Civil Human Rights Front leader Jimmy Sham has accused the police of acting in a “highly unprofessional manner” towards protesters and himself after frontline officers allegedly called him a “f**got” during Sunday’s rally.
Speaking to reporters in Central last night at the Chater Road and Pedder Street intersection, Sham — who is openly gay — said that he was heading towards a police line on Queen’s Road Central when he became concerned that police would charge, so he went forward to tell officers to keep the intersection open for protesters to gather and disperse.
“When I got to the front, a lot of frontline officers told protesters to leave immediately, then some of them looked at me and called me a f**got,” He said.
Sham went on to describe the behavior as “highly unprofessional,” adding “they must have recognized me, otherwise they wouldn’t have used that slur.”
CHRF vice-convenor Figo Chan also accused police of intimidating protesters by charging towards them, prematurely raising a blue flag declaring the rally an illegal assembly even though the letter of no objection stated that they had permission to march until 10pm. He also said police made it difficult for some protesters to leave by blocking off roads.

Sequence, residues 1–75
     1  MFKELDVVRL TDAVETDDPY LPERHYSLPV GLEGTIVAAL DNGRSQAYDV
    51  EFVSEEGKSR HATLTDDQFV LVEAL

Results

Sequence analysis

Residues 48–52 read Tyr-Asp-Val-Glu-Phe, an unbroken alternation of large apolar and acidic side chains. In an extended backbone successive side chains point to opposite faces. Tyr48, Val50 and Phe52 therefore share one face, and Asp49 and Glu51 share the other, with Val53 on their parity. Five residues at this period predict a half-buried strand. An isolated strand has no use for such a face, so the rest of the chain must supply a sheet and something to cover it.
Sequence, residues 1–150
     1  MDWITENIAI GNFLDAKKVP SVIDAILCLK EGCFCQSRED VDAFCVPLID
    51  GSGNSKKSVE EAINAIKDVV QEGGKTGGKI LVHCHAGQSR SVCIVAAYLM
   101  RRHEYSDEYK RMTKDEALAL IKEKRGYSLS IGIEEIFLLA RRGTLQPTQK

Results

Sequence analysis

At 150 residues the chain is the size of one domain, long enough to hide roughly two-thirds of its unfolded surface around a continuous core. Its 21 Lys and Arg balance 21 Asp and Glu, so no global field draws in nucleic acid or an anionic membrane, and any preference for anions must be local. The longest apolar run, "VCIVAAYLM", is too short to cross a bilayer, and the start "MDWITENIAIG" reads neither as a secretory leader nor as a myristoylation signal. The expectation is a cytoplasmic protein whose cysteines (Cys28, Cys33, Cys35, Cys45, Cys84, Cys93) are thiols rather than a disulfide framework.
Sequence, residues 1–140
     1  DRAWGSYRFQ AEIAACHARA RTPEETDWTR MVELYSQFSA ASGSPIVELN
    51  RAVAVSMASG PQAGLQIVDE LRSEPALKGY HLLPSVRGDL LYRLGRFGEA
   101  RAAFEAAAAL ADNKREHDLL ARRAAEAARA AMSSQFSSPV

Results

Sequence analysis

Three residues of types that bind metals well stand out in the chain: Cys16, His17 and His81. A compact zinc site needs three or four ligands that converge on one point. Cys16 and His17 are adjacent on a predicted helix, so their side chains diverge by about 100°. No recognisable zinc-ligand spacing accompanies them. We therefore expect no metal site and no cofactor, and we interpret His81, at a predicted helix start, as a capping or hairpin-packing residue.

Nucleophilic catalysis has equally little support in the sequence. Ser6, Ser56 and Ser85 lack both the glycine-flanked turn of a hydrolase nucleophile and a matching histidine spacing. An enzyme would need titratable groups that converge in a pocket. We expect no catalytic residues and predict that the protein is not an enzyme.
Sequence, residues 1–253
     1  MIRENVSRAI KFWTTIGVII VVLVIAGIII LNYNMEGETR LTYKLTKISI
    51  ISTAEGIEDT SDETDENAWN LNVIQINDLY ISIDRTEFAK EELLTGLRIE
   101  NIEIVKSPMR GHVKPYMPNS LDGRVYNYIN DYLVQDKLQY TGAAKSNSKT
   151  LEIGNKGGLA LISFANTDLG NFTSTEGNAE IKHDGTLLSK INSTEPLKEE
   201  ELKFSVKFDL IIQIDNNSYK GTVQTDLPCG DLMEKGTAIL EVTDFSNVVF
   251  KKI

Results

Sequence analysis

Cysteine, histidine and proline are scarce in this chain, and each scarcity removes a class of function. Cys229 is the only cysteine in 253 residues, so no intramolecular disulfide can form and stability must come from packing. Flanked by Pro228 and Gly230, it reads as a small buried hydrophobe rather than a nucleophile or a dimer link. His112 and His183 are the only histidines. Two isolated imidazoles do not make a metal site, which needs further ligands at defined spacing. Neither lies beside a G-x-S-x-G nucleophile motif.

Sham’s comments come shortly after the organization announced that around 800,000 people had turned up for Sunday’s Human Rights Day march from Victoria Park to Central. Police put the peak size of the crowd at 183,000 people.
Sunday’s march went by relatively peacefully, with the vast majority of people dispersing at the rally’s endpoint on Chater Road. However, some protesters did spray paint graffiti and throw petrol bombs outside the High Court and the Court of Final Appeal.
The police have classified the case as arson, while the Department of Justice said the incident “not only disrupted social peace, but also undermined Hong Kong’s reputation as a city governed by the rule of law.”
More protests are anticipated today to mark the six-month anniversary of the first major anti-extradition bill rally that drew an estimated one million people to the streets on June 9. However, so far it’s been relatively quiet, with only a few reports of some objects thrown onto railway tracks.